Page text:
I have just started teaching college students and I thought it was important to make my expectations very clear at the outset. I explained that it was my policy to set a deadline for assignments and that I would not give extensions. Late or missed assignments would receive a zero grade. When asked if there could ever be exceptions I said that it was possible but to not rely on it. If bad things happened letting me know as early as possible was the best way to find a resolution. No one assignment was worth more that 5% of the overall grade. I told them that the best way to deal with a hard deadline was to get the work done as early as possible.
Several weeks into the course one of my best (and one of my favourite) students came to my office to tell me she had missed the deadline because – and she proceeded to tell me a story that I had no reason to disbelieve and that would understandably result in her missing the deadline. She asked for an extension. Having to make a decision on the fly I told her that there was no harm in asking. I thanked her for explaining what had happened but that my policy was clear and she would receive zero.
But now I wonder if I did the right thing?
These tough moments do tend to hit us unexpectedly. The fact that she is a good student and one you like is not relevant but let’s face it, it would have been less painful if that weren’t true.
This is a classic justice versus mercy situation. Justice demands that you follow the clear rule you created. Mercy begs you to consider the other factors. It has short and long-term implications as well. Making a decision in the short-term is relatively easy – give the extension or give a zero – but you wisely know that you would be setting a precedent. From here on you would have to vet excuses. Or accept them without question. Perhaps this situation has a smattering of individual versus community in that you have to consider both the individual student and the entire class.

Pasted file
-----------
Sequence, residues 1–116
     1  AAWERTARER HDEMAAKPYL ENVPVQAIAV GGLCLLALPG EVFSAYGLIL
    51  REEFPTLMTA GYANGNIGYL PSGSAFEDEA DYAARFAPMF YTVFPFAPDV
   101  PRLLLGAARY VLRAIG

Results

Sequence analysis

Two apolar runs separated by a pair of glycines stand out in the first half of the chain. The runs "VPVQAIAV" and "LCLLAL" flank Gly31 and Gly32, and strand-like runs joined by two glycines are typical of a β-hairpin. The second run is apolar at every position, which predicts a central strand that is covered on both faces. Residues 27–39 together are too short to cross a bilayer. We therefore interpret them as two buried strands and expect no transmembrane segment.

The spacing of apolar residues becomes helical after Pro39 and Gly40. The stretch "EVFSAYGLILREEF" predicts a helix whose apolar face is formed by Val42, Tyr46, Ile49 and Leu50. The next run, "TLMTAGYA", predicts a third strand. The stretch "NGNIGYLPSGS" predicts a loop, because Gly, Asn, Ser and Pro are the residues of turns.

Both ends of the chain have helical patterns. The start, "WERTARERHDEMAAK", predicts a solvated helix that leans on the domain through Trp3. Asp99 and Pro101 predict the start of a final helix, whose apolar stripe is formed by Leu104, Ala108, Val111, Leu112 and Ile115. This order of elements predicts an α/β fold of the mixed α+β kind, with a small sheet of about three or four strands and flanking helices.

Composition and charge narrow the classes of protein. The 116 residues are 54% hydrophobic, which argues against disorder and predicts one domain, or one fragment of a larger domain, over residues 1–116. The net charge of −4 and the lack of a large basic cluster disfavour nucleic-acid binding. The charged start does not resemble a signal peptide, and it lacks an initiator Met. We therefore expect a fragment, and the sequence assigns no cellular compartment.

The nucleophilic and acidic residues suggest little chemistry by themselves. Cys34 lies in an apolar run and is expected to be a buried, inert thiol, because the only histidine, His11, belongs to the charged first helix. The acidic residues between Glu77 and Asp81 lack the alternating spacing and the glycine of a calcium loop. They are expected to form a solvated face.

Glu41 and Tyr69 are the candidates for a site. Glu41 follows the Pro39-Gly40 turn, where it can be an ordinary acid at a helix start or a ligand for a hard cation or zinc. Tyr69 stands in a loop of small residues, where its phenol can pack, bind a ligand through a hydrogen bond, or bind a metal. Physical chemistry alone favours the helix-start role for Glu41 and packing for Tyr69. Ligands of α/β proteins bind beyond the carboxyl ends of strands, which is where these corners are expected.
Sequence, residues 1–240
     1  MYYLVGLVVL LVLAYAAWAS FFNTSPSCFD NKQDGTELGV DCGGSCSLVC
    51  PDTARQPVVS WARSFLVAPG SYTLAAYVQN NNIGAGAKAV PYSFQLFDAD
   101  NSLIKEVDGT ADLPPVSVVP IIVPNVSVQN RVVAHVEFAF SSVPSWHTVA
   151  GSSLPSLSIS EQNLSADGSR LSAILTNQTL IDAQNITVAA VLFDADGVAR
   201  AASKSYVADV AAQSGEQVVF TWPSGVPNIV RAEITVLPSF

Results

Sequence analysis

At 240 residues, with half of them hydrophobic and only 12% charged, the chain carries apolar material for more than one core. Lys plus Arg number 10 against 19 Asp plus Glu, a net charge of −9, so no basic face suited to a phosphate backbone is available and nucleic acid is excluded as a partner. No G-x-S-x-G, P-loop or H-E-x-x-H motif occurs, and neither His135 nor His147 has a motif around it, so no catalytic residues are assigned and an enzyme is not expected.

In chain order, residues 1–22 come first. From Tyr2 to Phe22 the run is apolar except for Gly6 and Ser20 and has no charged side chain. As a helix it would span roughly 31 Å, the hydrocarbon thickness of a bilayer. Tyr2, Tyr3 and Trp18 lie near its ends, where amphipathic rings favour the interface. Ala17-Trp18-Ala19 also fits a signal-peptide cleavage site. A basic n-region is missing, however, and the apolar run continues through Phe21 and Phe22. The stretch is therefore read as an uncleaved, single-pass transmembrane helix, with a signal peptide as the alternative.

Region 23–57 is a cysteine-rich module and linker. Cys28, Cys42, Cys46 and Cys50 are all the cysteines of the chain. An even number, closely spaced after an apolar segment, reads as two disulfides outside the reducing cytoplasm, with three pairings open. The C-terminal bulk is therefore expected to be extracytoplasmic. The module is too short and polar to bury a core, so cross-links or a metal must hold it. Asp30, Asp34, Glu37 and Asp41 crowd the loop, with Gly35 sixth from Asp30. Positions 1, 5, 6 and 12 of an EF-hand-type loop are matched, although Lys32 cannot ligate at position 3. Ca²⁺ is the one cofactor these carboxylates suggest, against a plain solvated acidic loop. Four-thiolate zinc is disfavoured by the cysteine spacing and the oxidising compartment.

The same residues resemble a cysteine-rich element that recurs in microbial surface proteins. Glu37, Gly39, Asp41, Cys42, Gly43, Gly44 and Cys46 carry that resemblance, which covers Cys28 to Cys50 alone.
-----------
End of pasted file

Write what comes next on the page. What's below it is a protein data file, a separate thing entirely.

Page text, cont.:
So I see the conflict statement as being something like this:
It is right to apply the rule impartially and it is right to consider the individual circumstances.
Applying the resolution principles might bring some insight. From a care based perspective – if you were the student, how would you have wanted your teacher to respond?
If the teacher granted the extension would you see her as “nice” and compassionate? Or maybe you would think she was gullible and an easy touch. If the teacher gave a zero for the assignment would you think she was “hard” and mean? Or maybe you would think she was fair and impartial. A care based perspective provides insight by testing how you would feel in the situation.
Using an ends based perspective means doing the greatest good and the least harm. Doing the least harm to the student does not necessarily mean that you should give her an extension. Giving her a zero may help her to build character or to learn to accept personal responsibility. You may be helping prepare her for a world that will care less about her as an individual. And of course, the greatest good for the class as a whole may be that they see that you mean what you say. This is a good time to remind you that the zero on this assignment is not onerous.
A rules based approach requires that you act in a way that is agrees your own deeply held beliefs. You took the time to craft a policy and explain it to your students so that your expectations were clear. I would bet that you believe that individuals should be willing to accept the consequences of their behaviour.
On balance and reflection it appears that you have likely been true to your convictions. Only you know – it is not for me to judge. But you have done minimal harm to both the individual and the group and may in fact have achieved the greater good as an educator by teaching a life lesson.